Democrat Giovanni Mata says the Suffolk Board of Elections is “politically retaliating” against him for circulating petitions to run a primary against Democratic Assemb. Philip Ramos.
Mata, former head of County Executive Steve Levy’s Hispanic advisory committee, said the board notified him in May he had to re-register to vote, which he refuses to do. He claims he is a Suffolk voter who cast ballots in recent library and school board elections.
The problem: Mata, of Brentwood, registered to vote in Nassau County last year, from a Levittown abode, when hired at Nassau’s minority affairs office. Despite that, Mata said, he never moved, and left the Nassau job early this year.
Mata said on April 8 he got a certificate of registration from the Suffolk board, and had Nassau’s board drop him from its rolls. He claims Suffolk raised objections only after he filed a campaign committee April 23. But Suffolk records also show the state Board of Elections, which maintains a statewide voter database, told Suffolk election officials in late May that Mata had re-registered in Nassau.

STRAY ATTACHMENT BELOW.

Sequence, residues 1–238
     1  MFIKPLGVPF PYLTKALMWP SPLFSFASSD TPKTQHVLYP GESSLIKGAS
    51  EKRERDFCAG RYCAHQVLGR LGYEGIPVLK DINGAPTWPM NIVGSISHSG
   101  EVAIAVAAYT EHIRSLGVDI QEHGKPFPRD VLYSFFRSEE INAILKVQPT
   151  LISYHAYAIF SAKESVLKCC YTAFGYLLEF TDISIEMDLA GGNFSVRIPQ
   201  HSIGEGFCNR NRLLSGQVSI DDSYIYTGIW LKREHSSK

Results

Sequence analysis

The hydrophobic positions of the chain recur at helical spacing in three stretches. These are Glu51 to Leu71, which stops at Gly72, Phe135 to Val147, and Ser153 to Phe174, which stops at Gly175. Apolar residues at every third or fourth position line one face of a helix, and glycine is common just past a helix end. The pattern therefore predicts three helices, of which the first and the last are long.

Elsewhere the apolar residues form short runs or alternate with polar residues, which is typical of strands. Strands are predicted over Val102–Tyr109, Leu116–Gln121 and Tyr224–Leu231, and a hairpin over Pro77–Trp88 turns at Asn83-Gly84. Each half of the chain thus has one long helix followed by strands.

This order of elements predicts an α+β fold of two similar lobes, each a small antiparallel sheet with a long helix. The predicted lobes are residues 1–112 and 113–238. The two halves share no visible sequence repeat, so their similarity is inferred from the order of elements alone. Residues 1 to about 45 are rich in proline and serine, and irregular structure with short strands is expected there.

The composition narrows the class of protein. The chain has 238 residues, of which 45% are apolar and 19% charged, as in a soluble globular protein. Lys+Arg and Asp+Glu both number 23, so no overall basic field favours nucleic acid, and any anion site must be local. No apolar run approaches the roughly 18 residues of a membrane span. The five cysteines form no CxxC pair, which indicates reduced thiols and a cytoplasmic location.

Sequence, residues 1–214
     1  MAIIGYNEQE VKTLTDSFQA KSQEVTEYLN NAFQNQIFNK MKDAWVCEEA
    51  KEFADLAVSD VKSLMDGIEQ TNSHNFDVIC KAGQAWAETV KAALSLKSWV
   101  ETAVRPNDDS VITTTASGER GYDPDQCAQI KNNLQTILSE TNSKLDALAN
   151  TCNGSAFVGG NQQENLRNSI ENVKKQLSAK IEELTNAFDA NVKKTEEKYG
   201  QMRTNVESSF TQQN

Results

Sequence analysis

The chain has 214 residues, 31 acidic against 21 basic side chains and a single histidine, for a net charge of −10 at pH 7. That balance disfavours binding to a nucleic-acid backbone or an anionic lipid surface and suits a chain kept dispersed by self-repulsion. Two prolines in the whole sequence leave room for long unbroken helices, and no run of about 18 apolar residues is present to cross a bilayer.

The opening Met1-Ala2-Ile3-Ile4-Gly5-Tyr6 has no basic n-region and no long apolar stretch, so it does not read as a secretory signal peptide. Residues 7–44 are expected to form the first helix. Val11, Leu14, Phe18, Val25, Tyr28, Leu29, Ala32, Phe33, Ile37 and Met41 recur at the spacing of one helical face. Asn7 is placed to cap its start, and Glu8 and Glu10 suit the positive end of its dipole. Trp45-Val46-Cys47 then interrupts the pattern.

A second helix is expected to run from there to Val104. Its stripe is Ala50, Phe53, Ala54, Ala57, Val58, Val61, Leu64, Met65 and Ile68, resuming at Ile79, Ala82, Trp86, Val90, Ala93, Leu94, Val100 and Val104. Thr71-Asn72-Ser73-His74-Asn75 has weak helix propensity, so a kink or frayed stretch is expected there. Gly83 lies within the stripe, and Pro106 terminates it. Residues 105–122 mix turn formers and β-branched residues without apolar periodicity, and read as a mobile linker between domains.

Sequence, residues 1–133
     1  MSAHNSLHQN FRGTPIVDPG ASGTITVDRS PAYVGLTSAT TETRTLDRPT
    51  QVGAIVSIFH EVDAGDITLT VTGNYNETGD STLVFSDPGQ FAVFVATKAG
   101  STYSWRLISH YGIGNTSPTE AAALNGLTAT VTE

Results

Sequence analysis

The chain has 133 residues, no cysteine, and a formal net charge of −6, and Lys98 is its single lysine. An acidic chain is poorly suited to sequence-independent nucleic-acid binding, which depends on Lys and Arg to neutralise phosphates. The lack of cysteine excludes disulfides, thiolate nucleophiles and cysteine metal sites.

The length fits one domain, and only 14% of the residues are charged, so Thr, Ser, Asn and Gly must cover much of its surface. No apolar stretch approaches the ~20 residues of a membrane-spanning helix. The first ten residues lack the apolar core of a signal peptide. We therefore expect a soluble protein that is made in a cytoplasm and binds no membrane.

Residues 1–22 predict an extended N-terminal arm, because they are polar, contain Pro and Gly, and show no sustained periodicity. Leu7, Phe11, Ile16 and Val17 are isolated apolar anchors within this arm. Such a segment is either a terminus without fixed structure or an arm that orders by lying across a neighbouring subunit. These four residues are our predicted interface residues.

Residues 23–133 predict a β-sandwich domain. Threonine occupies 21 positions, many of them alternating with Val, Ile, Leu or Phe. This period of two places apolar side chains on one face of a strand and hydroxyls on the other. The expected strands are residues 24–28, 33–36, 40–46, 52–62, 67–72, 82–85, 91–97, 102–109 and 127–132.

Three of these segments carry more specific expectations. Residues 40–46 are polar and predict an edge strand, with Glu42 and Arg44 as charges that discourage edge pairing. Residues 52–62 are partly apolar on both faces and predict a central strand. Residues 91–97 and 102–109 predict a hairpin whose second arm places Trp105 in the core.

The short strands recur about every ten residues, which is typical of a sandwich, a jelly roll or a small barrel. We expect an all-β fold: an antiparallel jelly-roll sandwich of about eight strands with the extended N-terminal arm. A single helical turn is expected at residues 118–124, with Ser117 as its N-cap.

The Suffolk Board then removed Mata from its rolls.
Suffolk Deputy Democratic Elections Commissioner Jeanne O’Rourke declined comment on Mata, but said the board follows state legal procedure — which voids old registrations when people sign up in new jurisdictions.
Ironically, Mata not need be a voter to run, but must live in the Assembly district for a year before Election Day. Mata’s residency may come up after petitions are filed July 15, if Ramos backers challenge it. “Either he defrauded Nassau County or defrauded Suffolk,” said Ramos. “Either way he was gaming the system.”